In a similar vein,itsMission Statement which is that of: “Promoting sustainable food production in a healthy environment through efficient service delivery” would no doubt be manifested as each aspect of the value chain is boosted to make the desirable impact on the quality of life of the average resident of the state. That encompasses food production, preservation, processing, transportation, marketing and safe delivery.

In that wise, we take a critical look at the words of the Commissioner for Agriculture: “The road map will focus on the development of agricultural value chains where the state has competitive and comparative advantages to ensure that the state’s self-sufficiency in food production moves from 18% to 40% of food needs in the next five years and thus ensure that Lagos state achieves the Sustainable Development Goals (SDGs) as it relates to the sector.”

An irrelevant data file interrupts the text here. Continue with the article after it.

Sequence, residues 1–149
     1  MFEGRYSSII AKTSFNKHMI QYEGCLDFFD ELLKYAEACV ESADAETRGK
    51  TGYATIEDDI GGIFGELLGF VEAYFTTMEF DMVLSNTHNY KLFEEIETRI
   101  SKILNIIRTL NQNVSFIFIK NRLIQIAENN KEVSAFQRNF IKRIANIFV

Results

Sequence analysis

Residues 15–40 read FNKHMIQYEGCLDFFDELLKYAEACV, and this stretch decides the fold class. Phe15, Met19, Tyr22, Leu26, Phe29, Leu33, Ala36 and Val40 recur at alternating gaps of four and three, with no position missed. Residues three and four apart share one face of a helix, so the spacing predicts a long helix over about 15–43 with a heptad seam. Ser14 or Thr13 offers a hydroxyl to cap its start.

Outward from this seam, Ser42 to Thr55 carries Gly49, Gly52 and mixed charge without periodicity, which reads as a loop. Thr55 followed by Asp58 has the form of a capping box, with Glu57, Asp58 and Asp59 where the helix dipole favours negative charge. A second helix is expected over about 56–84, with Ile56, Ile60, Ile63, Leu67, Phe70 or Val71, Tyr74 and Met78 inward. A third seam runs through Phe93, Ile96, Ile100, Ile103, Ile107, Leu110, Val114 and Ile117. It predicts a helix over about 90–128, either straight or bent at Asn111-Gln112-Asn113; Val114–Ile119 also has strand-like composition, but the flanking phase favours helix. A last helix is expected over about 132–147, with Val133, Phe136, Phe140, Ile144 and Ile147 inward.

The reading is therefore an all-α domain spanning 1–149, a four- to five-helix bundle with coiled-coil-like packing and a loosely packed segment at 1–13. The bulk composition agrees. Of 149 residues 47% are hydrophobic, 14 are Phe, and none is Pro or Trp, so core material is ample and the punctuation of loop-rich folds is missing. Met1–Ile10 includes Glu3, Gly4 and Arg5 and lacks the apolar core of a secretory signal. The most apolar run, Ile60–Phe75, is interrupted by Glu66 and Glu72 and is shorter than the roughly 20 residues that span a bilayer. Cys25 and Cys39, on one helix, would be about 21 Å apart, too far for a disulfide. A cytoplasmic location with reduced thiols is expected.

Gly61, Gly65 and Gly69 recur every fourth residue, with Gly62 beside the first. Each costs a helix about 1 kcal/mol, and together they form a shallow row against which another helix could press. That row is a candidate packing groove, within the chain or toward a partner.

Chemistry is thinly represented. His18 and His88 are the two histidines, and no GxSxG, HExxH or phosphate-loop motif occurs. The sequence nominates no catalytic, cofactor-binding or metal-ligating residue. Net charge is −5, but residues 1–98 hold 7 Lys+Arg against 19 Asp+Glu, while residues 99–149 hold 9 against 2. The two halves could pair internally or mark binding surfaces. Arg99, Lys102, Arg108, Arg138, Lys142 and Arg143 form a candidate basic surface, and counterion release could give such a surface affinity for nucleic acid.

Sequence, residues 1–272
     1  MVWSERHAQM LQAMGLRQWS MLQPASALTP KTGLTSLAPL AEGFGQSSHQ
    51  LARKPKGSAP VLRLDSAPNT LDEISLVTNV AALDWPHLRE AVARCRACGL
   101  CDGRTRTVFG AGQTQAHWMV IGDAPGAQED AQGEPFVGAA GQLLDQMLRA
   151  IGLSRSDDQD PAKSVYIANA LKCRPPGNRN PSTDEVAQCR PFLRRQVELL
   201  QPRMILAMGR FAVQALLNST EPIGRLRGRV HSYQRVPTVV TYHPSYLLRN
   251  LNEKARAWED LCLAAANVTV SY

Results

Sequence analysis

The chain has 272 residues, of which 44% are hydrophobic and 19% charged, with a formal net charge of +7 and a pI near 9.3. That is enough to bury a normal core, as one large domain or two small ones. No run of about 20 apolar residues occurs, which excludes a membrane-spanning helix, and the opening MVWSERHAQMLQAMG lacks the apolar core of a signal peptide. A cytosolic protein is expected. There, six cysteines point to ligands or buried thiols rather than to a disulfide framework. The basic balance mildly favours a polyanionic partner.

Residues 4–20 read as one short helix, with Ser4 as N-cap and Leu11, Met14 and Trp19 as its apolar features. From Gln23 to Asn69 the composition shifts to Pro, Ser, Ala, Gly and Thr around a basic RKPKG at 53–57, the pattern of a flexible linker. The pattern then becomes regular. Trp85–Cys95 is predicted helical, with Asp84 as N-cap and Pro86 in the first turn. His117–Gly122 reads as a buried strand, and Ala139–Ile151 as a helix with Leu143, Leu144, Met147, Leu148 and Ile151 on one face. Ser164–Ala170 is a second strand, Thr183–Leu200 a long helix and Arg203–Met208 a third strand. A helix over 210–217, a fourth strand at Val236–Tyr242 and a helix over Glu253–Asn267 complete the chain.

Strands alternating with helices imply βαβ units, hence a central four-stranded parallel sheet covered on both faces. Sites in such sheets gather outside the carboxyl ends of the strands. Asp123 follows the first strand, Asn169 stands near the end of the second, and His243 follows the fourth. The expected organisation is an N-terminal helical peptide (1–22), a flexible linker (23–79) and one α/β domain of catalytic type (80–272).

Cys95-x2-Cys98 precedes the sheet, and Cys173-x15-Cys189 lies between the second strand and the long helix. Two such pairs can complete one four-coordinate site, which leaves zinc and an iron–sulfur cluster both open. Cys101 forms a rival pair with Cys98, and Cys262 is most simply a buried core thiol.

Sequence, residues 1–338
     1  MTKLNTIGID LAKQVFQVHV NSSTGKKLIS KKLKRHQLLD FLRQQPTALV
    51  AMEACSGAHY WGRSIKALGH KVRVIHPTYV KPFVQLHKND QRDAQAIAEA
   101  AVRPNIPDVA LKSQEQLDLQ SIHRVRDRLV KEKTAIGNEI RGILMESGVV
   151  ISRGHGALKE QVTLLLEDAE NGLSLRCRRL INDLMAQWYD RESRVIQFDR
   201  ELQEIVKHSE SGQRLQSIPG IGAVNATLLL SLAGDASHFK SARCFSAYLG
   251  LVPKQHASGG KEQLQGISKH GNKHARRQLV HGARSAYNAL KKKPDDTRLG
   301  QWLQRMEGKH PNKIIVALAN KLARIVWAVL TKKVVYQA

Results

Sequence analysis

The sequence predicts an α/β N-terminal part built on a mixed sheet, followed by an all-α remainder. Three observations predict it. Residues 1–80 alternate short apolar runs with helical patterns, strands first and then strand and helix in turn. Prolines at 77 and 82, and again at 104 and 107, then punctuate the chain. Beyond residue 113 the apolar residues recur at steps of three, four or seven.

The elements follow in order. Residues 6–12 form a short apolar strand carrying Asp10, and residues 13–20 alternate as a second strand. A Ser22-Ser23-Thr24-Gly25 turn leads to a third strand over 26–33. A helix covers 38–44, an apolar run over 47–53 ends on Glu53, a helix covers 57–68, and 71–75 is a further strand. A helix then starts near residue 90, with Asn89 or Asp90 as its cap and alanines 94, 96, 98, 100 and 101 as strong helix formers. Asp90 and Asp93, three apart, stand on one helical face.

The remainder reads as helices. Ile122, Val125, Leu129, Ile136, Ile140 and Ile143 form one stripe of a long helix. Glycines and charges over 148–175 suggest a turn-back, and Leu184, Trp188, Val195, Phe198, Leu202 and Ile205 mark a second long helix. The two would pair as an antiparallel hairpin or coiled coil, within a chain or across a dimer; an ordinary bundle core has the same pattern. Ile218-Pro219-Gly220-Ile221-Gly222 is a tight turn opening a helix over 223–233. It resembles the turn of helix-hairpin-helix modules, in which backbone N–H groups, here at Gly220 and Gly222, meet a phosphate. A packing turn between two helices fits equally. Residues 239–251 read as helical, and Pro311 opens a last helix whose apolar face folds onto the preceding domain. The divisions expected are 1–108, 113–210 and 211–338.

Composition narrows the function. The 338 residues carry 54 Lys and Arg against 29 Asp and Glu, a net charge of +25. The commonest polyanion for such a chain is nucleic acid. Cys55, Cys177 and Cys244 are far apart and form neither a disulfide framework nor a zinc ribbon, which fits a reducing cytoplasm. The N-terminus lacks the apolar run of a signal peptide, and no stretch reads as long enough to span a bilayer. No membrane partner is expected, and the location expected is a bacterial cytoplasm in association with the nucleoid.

Interestingly, the Road Map alsohighlights intervention areas by the Ministry to boost agricultural productivity at the upstream, midstream and downstream sectors of seven value chains and services, bearing in mind the comparative advantages Lagos State has in these sectors.

According to her, the agricultural sector in the State has evolved through several decades from when the State was created in 1967. At the inception of Lagos state Ministry of Agriculture, the policy focus was on direct production of agricultural produce by the State.

She stated that a 21st-century economy is characterised by four key goals which include job creation, food security, standardisation and internal revenue generation for the State.